Sustainable Pyrolytic Production of Zerovalent Iron

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Date
2017-01-01
Authors
Lawrinenko, Michael
Laird, David
van Leeuwen, Johannes
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Abstract

Pyrolysis of biorenewable feedstocks and iron oxides is potentially a greener and more sustainable pathway to producing zerovalent iron (ZVI) for environmental rehabilitation. The resulting biochar-zerovalent iron (BC-ZVI) also shows improved remediation kinetics of trichloroethylene over conventional ZVI. Understanding the transformations of iron to ZVI and the influence of feedstock chemistry on ZVI is critical to the production of BC-ZVI and has not been reported previously. BC-ZVI production was studied by one-step pyrolysis of cellulose, corn stover, dried distillers’ grain, red oak, and switchgrass pretreated with FeCl3. Pyrolysis at 900 °C effectively reduced Fe to ZVI with most feedstocks; however, the association of silicon (Si) and phosphorus (P) with Fe resulted in formation of fayalite and Fe phosphates and phosphides, which limited ZVI production efficiency and/or facilitated corrosion of ZVI. Dispersion of ZVI phases on biochar surfaces and association with Si facilitated oxidation of ZVI due to greater accessibility to oxygen and enhanced corrodibility of ZVI in association with fayalite. Feedstocks low in Si and P such as cellulose and red oak yield BC-ZVI suitable for environmental applications.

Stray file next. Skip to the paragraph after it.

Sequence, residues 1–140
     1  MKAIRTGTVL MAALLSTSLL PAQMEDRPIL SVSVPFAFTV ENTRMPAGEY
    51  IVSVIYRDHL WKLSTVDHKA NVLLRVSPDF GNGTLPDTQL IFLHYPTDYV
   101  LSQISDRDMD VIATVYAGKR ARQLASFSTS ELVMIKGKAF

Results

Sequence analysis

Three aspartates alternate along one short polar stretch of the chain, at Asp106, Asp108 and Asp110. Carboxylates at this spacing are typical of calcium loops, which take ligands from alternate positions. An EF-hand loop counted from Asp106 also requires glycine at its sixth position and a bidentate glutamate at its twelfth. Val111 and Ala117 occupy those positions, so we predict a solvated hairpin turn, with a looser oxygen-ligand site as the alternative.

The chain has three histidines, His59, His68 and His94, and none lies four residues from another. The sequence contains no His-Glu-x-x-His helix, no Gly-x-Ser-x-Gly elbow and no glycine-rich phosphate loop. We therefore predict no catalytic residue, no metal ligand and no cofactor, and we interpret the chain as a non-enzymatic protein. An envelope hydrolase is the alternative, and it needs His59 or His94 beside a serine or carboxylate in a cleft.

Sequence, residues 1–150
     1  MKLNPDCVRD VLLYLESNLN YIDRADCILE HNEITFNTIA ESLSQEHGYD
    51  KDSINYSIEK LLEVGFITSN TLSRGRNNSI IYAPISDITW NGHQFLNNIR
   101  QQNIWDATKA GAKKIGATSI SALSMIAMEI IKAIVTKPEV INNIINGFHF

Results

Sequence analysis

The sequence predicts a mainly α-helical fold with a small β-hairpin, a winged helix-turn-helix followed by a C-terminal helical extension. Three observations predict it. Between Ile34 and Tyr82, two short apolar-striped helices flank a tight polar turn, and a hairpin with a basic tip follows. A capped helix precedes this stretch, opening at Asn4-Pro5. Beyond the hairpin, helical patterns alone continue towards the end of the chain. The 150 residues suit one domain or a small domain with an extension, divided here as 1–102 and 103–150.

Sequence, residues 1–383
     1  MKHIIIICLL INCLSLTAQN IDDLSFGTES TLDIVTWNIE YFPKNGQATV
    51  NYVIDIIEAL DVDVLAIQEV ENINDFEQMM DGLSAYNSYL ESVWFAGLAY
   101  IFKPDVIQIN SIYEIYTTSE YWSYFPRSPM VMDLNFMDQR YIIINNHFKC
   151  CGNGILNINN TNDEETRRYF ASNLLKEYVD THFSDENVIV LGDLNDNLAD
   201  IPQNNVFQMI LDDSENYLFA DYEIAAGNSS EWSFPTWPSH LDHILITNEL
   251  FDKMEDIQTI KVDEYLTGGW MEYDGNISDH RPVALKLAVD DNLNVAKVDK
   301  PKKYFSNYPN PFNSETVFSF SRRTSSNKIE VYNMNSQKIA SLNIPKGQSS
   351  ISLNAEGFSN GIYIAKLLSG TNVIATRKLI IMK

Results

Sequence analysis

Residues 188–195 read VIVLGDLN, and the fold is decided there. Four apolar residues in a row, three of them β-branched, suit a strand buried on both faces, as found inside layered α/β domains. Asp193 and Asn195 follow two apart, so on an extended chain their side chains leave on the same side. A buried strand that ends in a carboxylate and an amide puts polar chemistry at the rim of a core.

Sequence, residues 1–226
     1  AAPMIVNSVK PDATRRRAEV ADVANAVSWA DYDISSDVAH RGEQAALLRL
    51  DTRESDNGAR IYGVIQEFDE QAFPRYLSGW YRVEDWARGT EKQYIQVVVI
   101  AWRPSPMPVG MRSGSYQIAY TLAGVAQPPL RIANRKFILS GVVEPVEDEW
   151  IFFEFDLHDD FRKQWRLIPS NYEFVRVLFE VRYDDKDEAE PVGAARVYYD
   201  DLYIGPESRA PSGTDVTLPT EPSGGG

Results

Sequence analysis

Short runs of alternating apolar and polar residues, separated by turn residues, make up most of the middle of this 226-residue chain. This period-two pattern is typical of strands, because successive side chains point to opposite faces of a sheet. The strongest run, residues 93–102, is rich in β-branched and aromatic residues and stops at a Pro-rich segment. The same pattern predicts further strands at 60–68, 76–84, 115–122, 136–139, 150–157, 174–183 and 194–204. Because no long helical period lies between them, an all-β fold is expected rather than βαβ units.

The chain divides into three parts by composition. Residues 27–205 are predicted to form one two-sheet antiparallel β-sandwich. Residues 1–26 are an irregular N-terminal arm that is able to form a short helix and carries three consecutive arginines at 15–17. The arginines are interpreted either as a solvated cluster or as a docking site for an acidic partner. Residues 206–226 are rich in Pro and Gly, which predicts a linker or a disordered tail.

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Reprinted with permission from ACS Sustainable Chemistry and Engineering 5 (2017): 767, doi:10.1021/acssuschemeng.6b02105.

Keywords
Biochar zerovalent iron, Pyrolysis, Cellulose, Corn stover, Dried distillers’ grain, Red oak, Switchgrass, Trichloroethylene remediation
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